The daughter of poor refugees from Siberia and Prussia (present-day Russia), Plattner says she has at times drawn on the same toughness and resilience that helped her parents survive the second world war and life thereafter. In the early days at Odzala-Kokoua, “there was no flush toilet, we were bitten to pieces by bugs, there was no bath, the mattress was full of fleas, and there was little in the way of fresh food,” she says.
Warren Buffett’s son Howard is the other business representative on the LCA board. Together, they hope to recruit more international talent and investment to the LCA’s projects. But they realise that outdated perceptions of Congo frighten people off. “People only jump on a boat when it’s cruising gently. Right now the boat is navigating really rough waters. Our highly motivated team, in collaboration with Henri Djombo, Congo’s visionary minister of the forest economy, still has to steer that boat for quite some time before other patrons might jump on board.”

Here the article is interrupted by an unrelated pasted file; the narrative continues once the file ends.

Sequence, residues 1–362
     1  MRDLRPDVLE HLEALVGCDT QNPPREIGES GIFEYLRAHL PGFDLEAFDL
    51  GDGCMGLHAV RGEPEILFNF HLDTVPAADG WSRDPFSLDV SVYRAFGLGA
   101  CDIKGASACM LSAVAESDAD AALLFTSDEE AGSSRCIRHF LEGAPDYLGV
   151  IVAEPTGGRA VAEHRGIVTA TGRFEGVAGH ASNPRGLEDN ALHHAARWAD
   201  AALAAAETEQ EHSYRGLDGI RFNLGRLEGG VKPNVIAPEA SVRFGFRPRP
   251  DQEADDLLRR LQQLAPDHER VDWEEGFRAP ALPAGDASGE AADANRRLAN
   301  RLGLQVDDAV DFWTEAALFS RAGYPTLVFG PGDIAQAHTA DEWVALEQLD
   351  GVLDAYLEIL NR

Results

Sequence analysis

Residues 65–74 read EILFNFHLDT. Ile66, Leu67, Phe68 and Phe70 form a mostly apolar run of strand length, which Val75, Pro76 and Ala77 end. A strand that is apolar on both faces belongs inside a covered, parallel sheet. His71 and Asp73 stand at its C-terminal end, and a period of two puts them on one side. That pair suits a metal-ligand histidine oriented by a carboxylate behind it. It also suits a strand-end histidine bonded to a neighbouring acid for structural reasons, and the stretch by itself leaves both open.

Plattner spends an average of three months a year at her Yzerfontein farmhouse, and she says that frequent walks with the family’s two resident dogs, Twistùr, an Icelandic Spitz, and Tara, a stray they adopted, help clear her mind. Moving to the conservatory, the only room they added to this 162-year-old farmhouse, she points to the spot where she will watch the sunset. Speaking over the cacophony of weavers nesting in a tree as old as her home is a losing battle, and she lets the birds have the last word.
An untitled oil painting by Klaus Fussmann of a German landscape evokes happy memories of early summer near the Plattners’ home on the German island Sylt in the North Sea. She says the artist was reluctant to sell her this work but she “fell in love with it” and insisted she have this image from her “other” life for her new home in Yzerfontein. Sabine also adores the bold red clock on the kitchen wall. The collectable reminds her of her ability to find a bargain – it was R100 (£7) in the country stores in nearby Darling – and of the precious value of time. “Once my life is switched off, I can say ‘I’m happy’. I’ve made so many mistakes, but I have no regrets. I learn a lot along the way.”